The next stop was Yorkshire, via what was supposed to be a quick flight. The flight was delayed more than two hours, which put us into Leeds at 5pm instead of 3pm. This was the point where husband decided he really could NOT face driving in England.
So instead of renting a car, we took the bus to the rail station and took the train to Thirsk. Back to "lack of research," I had not had time to figure out how to get to our B&B from the rail station (no WiFi signal, remember, cell phone not working, could not find pay phone). Everyone we asked assured me Thirsk was a "very small" town and everything was very close together and we'd have no problem whatsoever finding our B&B.
Well, not quite.
By the time we made it to Thirsk's rail station (which was deserted), it was close to 9pm and it was nowhere near the main part of town (where we presumed our B&B was). There really weren't any options other than to start walking. We stopped at a pub for directions, and they assured us we were two minutes away.
Thirty minutes later, we realized that couldn't be true. We found a gas station, asked again for a pay phone (none) or directions ... got different directions, this time using public footpaths (which were hard to identify in the dark) ... got lost again ... now roaming the town hoping, bluntly, for some kind of divine intervention.
As luck would have it, a young man was leaving a building and took pity on us. Instead of giving us directions, he walked us right to the door of where we needed to go. We weren't sure the B&B owners would even be up and had already prepared the girls for the possibility of sleeping outside for the night, but thankfully ... YES! after a few minutes the owner answered the door, was beyond gracious, brushed off our near-tearful apologies, showed us to our rooms, offered us hot tea on the spot, and simply could not have been any nicer.
It was one of the sweetest nights of sleep we'd had yet.
Day 8 -- Yorkshire
Great breakfast at the B&B, which was a wonderful start to our day.
Without auto transportation, however, our plans had to change radically. We visited the World of James Herriot which we loved (spent a VERY long time there), explored the town and basically saw as much as we could see on our own two feet. Thirsk and Sowerby have wonderful public footpaths and recreation areas which were just beautiful, and I think we covered about every foot of them.
The town centre is bursting with charm, too, and our B&B owners had recommendations of where to eat which were spot-on.
We spent literally the whole day on our feet -- and as husband and I both commented on, it really is a great way to experience a community. We got lost a lot but everyone was helpful and courteous (and a bit curious), and we always found our way back. The girls stumbled across a couple playgrounds, too, which gave all of us opportunities to chat with other families in the area.
The day was over before we knew it!
Day 9 -- Yorkshire
This was Market Day, something we'd been looking forward to, and it did not disappoint. After people-watching and exploring more of the towns, we returned to the footpaths and little communities of the area. Thirsk and Sowerby have a series of interpretive signs in the community, explaining about the area's history, geography and so on. These are fascinating! I think we found every last one of them. It became a game for all of us.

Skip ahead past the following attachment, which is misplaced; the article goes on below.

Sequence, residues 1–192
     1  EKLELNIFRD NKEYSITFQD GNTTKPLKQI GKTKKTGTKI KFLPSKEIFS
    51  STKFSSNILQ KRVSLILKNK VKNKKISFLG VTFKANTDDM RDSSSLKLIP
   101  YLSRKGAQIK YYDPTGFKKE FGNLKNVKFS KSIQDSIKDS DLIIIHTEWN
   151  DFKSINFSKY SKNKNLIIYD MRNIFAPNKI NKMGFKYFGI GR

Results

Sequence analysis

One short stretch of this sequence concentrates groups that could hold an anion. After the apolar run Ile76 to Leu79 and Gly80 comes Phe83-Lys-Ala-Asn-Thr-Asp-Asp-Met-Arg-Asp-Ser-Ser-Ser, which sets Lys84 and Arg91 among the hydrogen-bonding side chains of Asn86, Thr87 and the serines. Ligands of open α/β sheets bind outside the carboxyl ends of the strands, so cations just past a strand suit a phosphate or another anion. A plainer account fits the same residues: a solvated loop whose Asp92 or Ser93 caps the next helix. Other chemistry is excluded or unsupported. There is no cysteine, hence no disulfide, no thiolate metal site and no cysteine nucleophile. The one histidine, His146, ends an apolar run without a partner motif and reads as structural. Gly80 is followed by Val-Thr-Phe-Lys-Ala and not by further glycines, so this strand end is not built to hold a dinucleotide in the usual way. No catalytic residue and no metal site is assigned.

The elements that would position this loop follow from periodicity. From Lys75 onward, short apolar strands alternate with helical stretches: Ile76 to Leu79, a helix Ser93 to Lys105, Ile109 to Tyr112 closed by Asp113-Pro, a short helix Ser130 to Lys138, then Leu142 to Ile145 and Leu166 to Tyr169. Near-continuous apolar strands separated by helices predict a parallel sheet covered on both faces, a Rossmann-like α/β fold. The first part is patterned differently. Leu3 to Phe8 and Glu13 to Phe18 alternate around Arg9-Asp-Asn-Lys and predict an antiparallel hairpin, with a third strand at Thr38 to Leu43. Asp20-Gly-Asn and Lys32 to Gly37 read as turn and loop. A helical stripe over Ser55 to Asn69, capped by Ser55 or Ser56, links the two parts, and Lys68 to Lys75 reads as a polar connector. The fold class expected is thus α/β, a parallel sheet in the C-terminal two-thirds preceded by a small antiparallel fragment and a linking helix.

In the afternoon, we used our rail pass and rode north a few stops to at least get a glimpse of some of the countryside. It was still a bitter disappointment that there was no way to see Sutton Bank or any of the areas we'd read so much about the last 20+ years and had been so looking forward to, but it was our own fault so that was that. We made the best of it.
I did try to arrange for pony-trekking, but without a useable cell phone I had to rely on the pay phone in the town centre, and had to just leave messages. Yes, I should have arranged this weeks and weeks in advance, but from about June onward I was working 14 to 18 hours a day, 7 days a week, and we were lucky I even managed to get plane tickets and overnight accommodations. I had really been depending on email access once we got to Europe to finalize arrangements, and when those logistics evaporated, we were smoked and down to bare-bones plans.
This was another time I'd wished I'd arranged for a guided tour or something, *anything,* that would have enabled a richer experience.
Day 10 -- Yorkshire/London
Last day in Yorkshire and we were due in London by afternoon. We took the morning train to York (so thankful to the B&B owner who kindly gave us a lift to the rail station which saved us a 45-minute hike) and spent a couple very enjoyable hours there. What a beautiful little city!
Then it was back on the train for a fast trip down to London.
In London things got a big complicated again. I hadn't had time to figure out how to get to our hotel. I tried calling and either the phone booths I used were malfunctioning or the phone number was wrong somehow. In the end we just hailed a cab, which earned us instant rock-star status in our daughters' eyes. It was rather expensive, but the cabbie did deliver us right to the door in short order, which was worth quite a bit at that point.
We relaxed, the girls got to swim in the pool and we got ready for our departure the next day.
Day 11 -- departure
LHR, early morning departure, and 14+ hours later, we are home and I'm writing this trip report.
London, Paris, Yorkshire w/teens
We just got back from 12 days in London, Paris and Yorkshire with our teen daughters. Thank you, everyone, who gave us advice on this trip!